In 2018, Diamondback wanted to put together something that could do it all: Road rides, 8+ hour long hauls, cyclocross, and the occasional off-road situations, all while keeping the price point as low as possible. We’re convinced that they’ve pulled it off with the Diamondback Hook, an all-occasion, aluminum-framed beast of a bicycle.
The Hook frame is based off of the Sync’r and Line, two other Diamondback models that are hugely popular within the trail riding and cyclocross crowds. While the Hook is a bit more stripped down than its siblings, it provides an comfy, progressive climbing geometry and a lot of features for being such an affordable ride.
Below, we get into the nitty gritty behind this bike’s mid-level design and assemblage.
Specs of Hook
While the Diamondback’s Hook design is somewhat stripped down, it’s quite clever and really gives you a lot of quality for the price. You don’t often see fully (or even partially) handcrafted bikes for under $1,000, which makes the Hook even more desirable as a base frame to build up from. Perfect for those cyclists who enjoy myriad disciplines and terrain, the Hook is a great all-around fun machine. Stock from the factory, Diamondback loads these with the following:
- Frame: 6061-T6 Butted Alloy for 27.5″, 1 1/8″ Head Tube, Formed Top and Down Tube, w/ Integrated Disc Brake Tabs
- Fork: SR Suntour XCM 120mm Travel, 30mm Stanchions, Coil Spring w/ Preload Adjust
- Tires: WTB Vigilante, 27.5 x 2.3″
- Crankset: Alloy Arm w/ 30T Steel “Narrow Wide” Single Ring
- Front Derailleur: Full ISCG-05 Chain Guide w/ Roller
- Rear Derailleur: SRAM X3, 8 Speed
- Shifters: SRAM X4 8 Speed
- Brakes: Tektro Aries Mechanical Disc, w/ 160mm Rotors
- Saddle: DB Sync’r Saddle
- Number of gears: 8
With the Diamondback Hook, you may not necessarily get all of the features you’re looking for right off the bat, and that’s kind of the idea. The Hook was created with upgrading in mind, which is why they provide you with an exceptionally well-crafted aluminum frame. It provides a wonderful base on which to build a custom trail cruiser all your own!
What’s Good About Diamondback Hook?
As a mid-level “all-purpose trail rider”, the Diamondback Hook is less about the individual components, and more about the overall experience that it provides during rides. At 30 lbs, it’s a strong, nimble frame that can cut quick lines regardless of terrain. They deliver these bikes from the factory almost fully assembled, which limits the possibility of user error before you can ever get on the road. So, what’s this bike loaded with?
Related: Diamondback Atroz 1 review
Gearing & Drivetrain
The DB Hook has an 8-speed cogset, with a single chainring. This means you’re only getting 8 total options for shifting, which may be a bit limiting for some. The cogset is 11T to 32T, which suggests that the designers were much more concerned with how this thing can handle hills than what speeds you can get it up to. Because of this, urban riders may want to look elsewhere as the Hook isn’t exactly lightning quick.
Frame & Derailleurs
The frame is where the Hook really shines. The 6061 T-6 aluminum frame is hand built, and each joint on the Hook frame is hand welded, which means a there’s a much more critical eye for imperfections as opposed to some companies who use automated production welding techniques.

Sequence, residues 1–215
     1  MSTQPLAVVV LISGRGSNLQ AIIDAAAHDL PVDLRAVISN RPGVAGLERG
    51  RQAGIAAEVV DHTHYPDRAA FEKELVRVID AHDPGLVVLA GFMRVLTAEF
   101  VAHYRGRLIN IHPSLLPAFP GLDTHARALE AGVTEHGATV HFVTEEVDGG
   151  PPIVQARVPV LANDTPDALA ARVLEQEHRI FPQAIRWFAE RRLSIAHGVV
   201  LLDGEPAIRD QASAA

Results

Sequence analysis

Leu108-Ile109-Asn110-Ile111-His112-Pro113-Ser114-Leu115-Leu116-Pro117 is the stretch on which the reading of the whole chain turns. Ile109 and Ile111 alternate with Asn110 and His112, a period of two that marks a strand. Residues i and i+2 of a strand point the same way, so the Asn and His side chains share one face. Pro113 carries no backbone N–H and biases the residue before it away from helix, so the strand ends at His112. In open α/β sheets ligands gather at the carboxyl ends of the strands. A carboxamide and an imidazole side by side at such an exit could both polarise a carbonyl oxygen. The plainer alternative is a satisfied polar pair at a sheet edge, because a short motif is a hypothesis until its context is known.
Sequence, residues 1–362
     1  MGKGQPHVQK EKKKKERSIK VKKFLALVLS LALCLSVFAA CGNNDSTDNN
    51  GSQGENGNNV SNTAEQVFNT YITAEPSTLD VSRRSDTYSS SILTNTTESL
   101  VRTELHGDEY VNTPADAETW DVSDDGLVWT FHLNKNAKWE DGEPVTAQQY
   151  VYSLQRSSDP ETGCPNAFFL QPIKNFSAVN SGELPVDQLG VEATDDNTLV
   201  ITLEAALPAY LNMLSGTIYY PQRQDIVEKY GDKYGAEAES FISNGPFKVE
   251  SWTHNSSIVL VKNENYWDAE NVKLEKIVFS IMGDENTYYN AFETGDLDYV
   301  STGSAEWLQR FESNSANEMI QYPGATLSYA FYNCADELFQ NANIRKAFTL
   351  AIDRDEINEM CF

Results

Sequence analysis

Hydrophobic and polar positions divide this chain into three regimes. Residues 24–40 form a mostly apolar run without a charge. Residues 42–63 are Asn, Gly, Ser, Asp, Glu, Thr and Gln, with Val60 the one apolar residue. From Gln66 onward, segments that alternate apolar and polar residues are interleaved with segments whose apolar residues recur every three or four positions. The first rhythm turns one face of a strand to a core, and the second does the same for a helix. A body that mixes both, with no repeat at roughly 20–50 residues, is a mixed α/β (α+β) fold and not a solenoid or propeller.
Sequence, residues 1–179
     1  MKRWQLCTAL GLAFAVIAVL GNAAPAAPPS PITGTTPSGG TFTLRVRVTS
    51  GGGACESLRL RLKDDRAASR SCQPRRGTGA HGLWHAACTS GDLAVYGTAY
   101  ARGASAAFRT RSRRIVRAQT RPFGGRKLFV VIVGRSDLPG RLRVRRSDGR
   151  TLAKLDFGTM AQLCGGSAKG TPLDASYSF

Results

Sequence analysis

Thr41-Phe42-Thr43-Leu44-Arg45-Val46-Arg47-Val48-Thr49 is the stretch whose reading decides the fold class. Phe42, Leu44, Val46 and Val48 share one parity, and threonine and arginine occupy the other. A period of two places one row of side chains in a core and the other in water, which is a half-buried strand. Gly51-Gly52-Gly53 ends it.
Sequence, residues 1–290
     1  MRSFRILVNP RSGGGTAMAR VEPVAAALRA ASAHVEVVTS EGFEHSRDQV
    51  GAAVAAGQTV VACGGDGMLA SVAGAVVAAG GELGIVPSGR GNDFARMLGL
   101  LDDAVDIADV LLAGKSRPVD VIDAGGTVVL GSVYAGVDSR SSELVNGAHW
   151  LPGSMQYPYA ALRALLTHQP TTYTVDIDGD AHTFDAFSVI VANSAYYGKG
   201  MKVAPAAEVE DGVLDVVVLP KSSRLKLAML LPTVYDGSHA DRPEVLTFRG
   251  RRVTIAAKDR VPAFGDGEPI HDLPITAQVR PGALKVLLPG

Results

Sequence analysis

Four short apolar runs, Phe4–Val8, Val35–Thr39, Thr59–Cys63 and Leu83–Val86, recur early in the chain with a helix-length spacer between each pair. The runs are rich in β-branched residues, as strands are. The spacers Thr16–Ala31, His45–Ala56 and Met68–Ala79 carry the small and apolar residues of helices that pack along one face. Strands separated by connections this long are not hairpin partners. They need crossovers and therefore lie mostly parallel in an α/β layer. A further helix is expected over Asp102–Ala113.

This grade of aluminum falls right below what they use on the space shuttles, and is incredibly light. The integrated disk brake tabs are a nice touch, adding even more stability to an already rock solid frame.
Derailleurs can make or break a geared bike, which is why Diamondback went with a combination SRAM/Diamondback package on the Hook. The SRAM X3 is a mid-level unit that tends to be a little fickle in wet weather, so make sure to use an all-weather lube very regularly on your chain. Without proper attention, these units can seize up.
Tires & Brakes
Diamondback tends to go with WTB tires on a lot of their trail bikes, and the Hook is no exception. It’s fitted with WTB Vigilantes, coming in at 27.5 x 2.3″. These are perfectly fine to start with, but are very much designed for off-road terrain.
If you’re looking to make your Hook more all-purpose, finding some slick, hybrid style tires is a great place to start.
The brakes on this bike are a point of contention as they just don’t fit the quality of the other components found on the Hook, which has us scratching our heads.
Tektro is a great company, and their Aries brakes provide a solid baseline level of functionality, but there are several other brands at similar cost that provide a much better level of braking for bikes like this.
A common saddle for most Diamondback cyclocross and mountain bikes, the DB Sync’r is made with comfort in mind. While there are certainly some better seats out there, the Sync’r is sturdy and decent enough to get you through your first couple of seasons before needing to be replaced. Also, these tend to be quite comfortable.
Related: Diamondback Release 3 review
Should I Buy It?
While you’re not necessarily getting a pro-level trail bike with the Hook, what it does provide is a great platform with which to build your dream cyclocross machine.
Diamondback even mentions this themselves in their literature, calling the Hook the “kit car of trail bikes”.
|What we disliked about the Hoom||What we like about the Hook|
|Only 8 speeds||Handmade aluminum frame|
|Cheap, unstable rear derailleur||Easily upgradeable|
|SlowGreat for climbing hills||Great for climbing hills|
There’s no good reason to shy away from the Diamondback Hook, even with its stock components. You’ll probably find that it tends to comfortably fit into your riding habits, regardless of the terrain.
Cyclists that tend to stick mainly to roads and paved environments may want to steer clear of the Hook, as its design is much better suited for hills and gravel. However, give it a test ride first. You might be surprised.